Exposing UNICEF’s dirty laundry: Why the UN won’t punish Saudi Arabia for its child marriage problem

Saudi Arabia's Grand Mufti believes marriages of girls under 15 are ok. Photo Credit: Press TV

By Tara Abhasakun

Saudi Arabia continues to have one of the highest child marriage rates in the world. But the United Nations Children’s Fund — known as UNICEF — is looking the other way, and has even praised the Saudis. Estimates vary widely, as there are no official statistics on the issue. But some hold that the number of child marriages have reached into the hundreds of thousands during some years.

UNICEF and the United Nations Office of Human Rights are responsible for documenting child marriage around the world, and for taking measures to prevent it. But when it comes to child marriage in Saudi Arabia, the UN has remained silent.

Director of the Washington-based Institute for Gulf Affairs Ali Al-Ahmed believes the UN has remained silent on Saudi child marriage in order to continue receiving millions of dollars from the Saudi government.

In an interview with Borderless News Online, Al-Ahmed said there have been many cases in which the UN failed to hold Saudi Arabia accountable for its child marriage problem. Al-Ahmed, a Saudi national who is critical of his country’s government, contended that Syrian refugee girls are often forced to marry older Saudi men.

Saudi Arabia’s Child Marriage Problem — and the UN’s Failure to Address It

Saudi Arabia has no minimum marriage age, and a number of cases in recent years have underscored the problem. In 2011, a 12-year old Saudi girl was married off to a 55-year old man, in a high-profile case reported by Al Arabia. Al-Ahmed wrote in The Guardian about two sisters, one eight and one ten, who were married to men in their sixties that same year. “Saudi Arabia has no legal marriage age, and it is perfectly legal to marry even an hour-old child,” Al Ahmed wrote in The Guardian.

Child marriage is so normalized in Saudi Arabia that even Saudi Princes have been known to propose to under aged girls. Camel Festivals are a Saudi tradition in which girls aged 14-16 are given as temporary brides to elderly members of the royal family. These temporary marriages usually last “a few days or weeks,” according to Al-Ahmed.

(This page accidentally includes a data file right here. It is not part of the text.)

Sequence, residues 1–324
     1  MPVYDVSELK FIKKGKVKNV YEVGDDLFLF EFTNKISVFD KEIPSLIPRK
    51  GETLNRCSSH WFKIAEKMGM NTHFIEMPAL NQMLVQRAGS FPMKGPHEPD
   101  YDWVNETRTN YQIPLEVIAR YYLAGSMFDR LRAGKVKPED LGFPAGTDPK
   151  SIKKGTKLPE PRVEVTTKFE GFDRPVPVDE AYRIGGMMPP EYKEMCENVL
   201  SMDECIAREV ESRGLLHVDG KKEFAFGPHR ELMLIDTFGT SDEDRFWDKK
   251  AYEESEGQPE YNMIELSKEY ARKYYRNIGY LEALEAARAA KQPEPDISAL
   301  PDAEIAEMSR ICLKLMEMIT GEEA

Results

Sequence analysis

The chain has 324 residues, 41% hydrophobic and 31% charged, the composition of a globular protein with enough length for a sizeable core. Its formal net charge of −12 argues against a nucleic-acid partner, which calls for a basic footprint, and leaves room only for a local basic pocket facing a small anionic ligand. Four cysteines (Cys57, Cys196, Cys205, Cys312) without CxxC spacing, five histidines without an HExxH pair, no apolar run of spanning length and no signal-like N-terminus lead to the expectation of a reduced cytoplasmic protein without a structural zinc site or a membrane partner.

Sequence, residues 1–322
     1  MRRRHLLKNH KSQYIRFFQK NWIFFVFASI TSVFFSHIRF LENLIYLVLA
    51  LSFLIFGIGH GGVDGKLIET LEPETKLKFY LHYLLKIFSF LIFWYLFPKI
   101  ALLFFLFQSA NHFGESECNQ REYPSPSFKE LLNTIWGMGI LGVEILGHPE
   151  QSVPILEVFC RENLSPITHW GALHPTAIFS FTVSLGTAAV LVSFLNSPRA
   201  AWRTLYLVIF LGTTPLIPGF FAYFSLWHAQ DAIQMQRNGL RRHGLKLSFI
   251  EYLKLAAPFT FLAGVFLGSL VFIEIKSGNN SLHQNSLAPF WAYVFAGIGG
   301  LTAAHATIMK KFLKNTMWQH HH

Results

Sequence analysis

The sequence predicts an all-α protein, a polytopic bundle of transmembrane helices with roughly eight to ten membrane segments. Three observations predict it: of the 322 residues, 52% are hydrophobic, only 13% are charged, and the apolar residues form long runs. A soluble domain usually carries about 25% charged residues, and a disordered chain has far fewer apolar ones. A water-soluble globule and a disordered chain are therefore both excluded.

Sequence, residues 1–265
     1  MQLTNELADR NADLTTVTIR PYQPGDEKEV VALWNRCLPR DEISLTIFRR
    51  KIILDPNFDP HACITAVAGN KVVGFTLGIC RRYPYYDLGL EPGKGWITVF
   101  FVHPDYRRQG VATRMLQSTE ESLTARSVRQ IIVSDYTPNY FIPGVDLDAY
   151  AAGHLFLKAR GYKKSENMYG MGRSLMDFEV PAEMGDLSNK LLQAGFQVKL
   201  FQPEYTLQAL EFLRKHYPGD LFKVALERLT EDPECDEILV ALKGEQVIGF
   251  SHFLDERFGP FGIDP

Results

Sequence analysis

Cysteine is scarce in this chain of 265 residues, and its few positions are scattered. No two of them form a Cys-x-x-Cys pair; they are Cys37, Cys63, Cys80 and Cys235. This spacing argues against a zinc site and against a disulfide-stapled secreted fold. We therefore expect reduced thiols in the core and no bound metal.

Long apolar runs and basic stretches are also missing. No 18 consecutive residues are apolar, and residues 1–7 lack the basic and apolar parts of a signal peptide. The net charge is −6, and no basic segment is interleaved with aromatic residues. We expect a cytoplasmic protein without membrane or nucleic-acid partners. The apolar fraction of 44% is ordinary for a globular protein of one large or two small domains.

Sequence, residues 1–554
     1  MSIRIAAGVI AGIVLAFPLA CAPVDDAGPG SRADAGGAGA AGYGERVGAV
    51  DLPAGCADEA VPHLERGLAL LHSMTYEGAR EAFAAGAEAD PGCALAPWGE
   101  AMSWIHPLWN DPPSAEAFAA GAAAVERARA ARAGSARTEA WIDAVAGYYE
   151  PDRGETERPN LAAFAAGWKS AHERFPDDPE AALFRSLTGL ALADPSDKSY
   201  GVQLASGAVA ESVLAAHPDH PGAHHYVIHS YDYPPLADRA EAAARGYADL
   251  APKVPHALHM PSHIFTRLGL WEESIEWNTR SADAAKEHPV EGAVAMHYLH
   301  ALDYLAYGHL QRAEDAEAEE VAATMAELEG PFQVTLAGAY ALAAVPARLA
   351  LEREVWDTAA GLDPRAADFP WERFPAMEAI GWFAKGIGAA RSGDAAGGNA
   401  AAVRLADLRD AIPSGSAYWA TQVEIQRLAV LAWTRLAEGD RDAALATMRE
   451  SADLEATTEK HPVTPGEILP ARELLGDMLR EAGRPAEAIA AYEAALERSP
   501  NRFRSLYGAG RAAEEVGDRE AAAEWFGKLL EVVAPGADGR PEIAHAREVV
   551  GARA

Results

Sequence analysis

The Saudi justice ministry has made efforts to enforce a minimum marriage age. In 2013, the ministry proposed that the minimum marriage age be 16. Gulf News reported that the ministry “submitted an integrated study on the negative psychological and social effects of underage marriages to religious scholars and requested a fatwa that sets a minimum marriage age.” Saudi Arabia’s Grand Mufti Sheikh Abdul Aziz, the most powerful religious and legal figure in the country, refused to meet the justice ministry’s requests. Aziz stated “There is currently no intention to discuss this issue,” reported Gulf News.

Rather than condemn Saudi Arabia for not enforcing a minimum marriage age, UNICEF has described Saudi Arabia as an example of humanitarianism. In 2007, a UNICEF press release called Saudi Arabia a “kingdom of humanity.

Why would UNICEF deem a country whose leaders marry children a kingdom of humanity?

Al-Ahmed believes the children’s rights organization- partly funded by hundreds of millions of U.S. tax dollars- is beholden to the Saudis because they contribute millions — and that essentially buys silence. UNICEF’s 2009 praise of Saudi “efforts” to decrease child marriage came after Saudi Prince Naif donated a million dollars to UNICEF. Al-Ahmed explained, “Many people who work in the UN are not really passionate about their jobs, they are just trying to get ahead (in their careers). They therefore do not feel a sense of moral duty to condemn Saudi Arabia.”